Maria Calaf Forn | ENT environment & management
When we talk about smart containers we refer to street containers in which a user identification system has been installed, through which the citizen and / or business must be or can be identified when depositing its waste. There are two main modalities: those that are closed, and in which, therefore, identification is mandatory; or those which are permanently open and only those users who voluntarily want to identify themselves leave their deliveries registered. In the first mode, the opening takes place by means of an electronic card RFID assigned to the user or by means of mobile phone (with NFC technology), or even by means of scanning the user’s bar identification code printed on the garbage bag about to be thrown away. In the second mode, voluntary identification tends to occurs when the user scans the code or chip in the containers using their mobile phone.
So far, mandatory identification has shown to have quantitatively measurable implications for selective collection results, achieving selective collection levels 10 to 20 points above the initial levels. When users lose their anonymity, changes in habits are automatically achieved, improving the results. Taken together, these systems usually achieve selective collection rates between 50% and 70%. However, to achieve these results a good system design is necessary: as well as choosing the technology that has more robustness and less technological and maintenance problems, it is key to choose the fractions that are closed and monitored, as well as the days of weekly opening by fraction. The fractions that are usually monitored are mixed waste, which is the one that needs to be reduced more; and the organic fraction, which is the most important to separate and on which low levels of impurities are a priority. The mixed waste fraction is usually left open one to three days a week, preferably one; and organic from four to seven days, although this can vary among regions.
Other relevant aspects to achieve good functioning and involvement of the citizens are: a good communication campaign, ensuring the distribution of cards to all citizens prior to the start, carrying out a pilot test phase for users to get used, making an App available to users that visualizes in real time the behaviour of the citizen or commerce and allows to carry out consultations or requests (like the request of collection of bulky waste) and to report detected incidents, among others.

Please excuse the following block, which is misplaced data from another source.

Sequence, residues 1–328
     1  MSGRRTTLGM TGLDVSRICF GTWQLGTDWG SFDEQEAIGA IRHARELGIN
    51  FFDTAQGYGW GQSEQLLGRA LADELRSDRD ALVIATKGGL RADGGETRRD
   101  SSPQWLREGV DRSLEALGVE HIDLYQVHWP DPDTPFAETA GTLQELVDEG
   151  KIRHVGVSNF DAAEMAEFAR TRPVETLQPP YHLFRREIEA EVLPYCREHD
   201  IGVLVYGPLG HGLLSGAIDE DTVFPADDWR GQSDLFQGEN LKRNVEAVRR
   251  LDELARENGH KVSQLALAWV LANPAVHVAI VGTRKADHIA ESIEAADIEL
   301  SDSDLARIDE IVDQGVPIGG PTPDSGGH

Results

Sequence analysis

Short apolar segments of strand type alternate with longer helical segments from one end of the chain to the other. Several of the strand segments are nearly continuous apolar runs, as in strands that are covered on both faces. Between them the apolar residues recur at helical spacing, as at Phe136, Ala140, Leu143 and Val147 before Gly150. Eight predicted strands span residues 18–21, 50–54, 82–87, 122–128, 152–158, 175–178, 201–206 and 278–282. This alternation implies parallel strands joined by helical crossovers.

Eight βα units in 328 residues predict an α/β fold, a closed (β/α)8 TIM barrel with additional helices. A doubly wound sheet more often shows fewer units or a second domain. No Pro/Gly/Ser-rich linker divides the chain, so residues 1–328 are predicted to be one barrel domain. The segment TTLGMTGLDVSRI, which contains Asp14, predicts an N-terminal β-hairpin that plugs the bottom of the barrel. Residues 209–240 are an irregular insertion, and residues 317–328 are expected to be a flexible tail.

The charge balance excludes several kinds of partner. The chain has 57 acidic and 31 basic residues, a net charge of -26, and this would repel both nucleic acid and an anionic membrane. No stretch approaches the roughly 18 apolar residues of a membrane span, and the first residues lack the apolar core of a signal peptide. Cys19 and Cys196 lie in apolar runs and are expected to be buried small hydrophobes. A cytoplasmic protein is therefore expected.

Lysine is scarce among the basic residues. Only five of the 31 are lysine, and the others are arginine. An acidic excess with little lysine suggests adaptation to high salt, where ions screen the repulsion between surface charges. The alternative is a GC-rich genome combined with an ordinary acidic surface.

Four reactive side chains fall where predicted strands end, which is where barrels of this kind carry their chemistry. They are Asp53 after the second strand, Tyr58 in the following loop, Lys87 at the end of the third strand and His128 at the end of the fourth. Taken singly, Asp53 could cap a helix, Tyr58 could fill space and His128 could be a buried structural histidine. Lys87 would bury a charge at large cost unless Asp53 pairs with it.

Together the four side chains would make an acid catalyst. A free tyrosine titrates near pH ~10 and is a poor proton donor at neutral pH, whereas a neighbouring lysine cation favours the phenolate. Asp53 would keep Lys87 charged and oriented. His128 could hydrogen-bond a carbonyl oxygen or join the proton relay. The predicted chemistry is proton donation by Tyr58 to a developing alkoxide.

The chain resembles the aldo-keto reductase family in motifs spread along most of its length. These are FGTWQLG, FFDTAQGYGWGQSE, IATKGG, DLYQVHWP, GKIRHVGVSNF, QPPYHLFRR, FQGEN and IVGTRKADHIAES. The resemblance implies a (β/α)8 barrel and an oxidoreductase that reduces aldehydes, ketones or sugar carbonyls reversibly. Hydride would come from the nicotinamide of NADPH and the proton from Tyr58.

However, in this model the risk of fraud increases compared to the voluntary option and, therefore, it is more likely to find bags on the ground next to the containers or to see an increase in the percentage of waste tourism. However, tools and information are available to tackle these problems: the software regularly collects a lot of data, which allow to identify who throws, when and what fraction. Those users who do not use the system can be detected easily. On the other hand, regarding the quality of the deposited material, it is recommended to link each user to one or at most two containers of each fraction. This allows to identify the users who use each container, and if a high level of impurities is detected in a container, the number of users to visit would be relatively small. All this accompanied by a good regulatory ordinance including a sanctioning regime, makes it easier for fraudulent uses of the system to be reduced and controlled.
To achieve even better results the information collected on the number of deliveries of each fraction could be linked to the waste charge. Two types of schemes could be applied: first, a pay-as-you-throw system, whereby users pay according to their production of mixed waste (packaging could also be considered). To estimate volume or weight deposited in the a chamber system (or “calotta”) with be installed, with a maximum volume (usually 20-30 litres) to limit inputs.
A second option could be to apply a bonus on the use of organic fraction containers (maybe also for other recyclables). A combination of both systems would also be possible
All of the above should not be used to justify the implementation of these systems ahead of door-to-door collection systems. In low and medium density contexts, door-to-door collection is usually economically viable and with higher selective collection results than using smart containers. In addition, door-to-door collection, without so much technology, naturally guarantees the loss of anonymity, which can also be reinforced by the introduction of user identification chips in the individual waste bins.
Lately, there has been a strong interest towards the use of smart containers. It is most convenient politically not having to justify a change to a door-to-door model and to continue with the same (or a very similar) collection service. However, we must keep in mind several aspects: smart containers are still rather new, with few experiences around us and with a lack of apprenticeship, with high maintenance and investment costs (between 350 and 1,400 € per container), with higher expenses in data management personnel and of maintenance management, and with some difficulties in finding the appropriate technology that fits well with the existing containers in each municipality, amongst others.
In addition, the selective collection levels achieved through smart containers are well below those achieved with door-to-door separate collection models. This will make it more difficult over time to meet the EU recycling targets.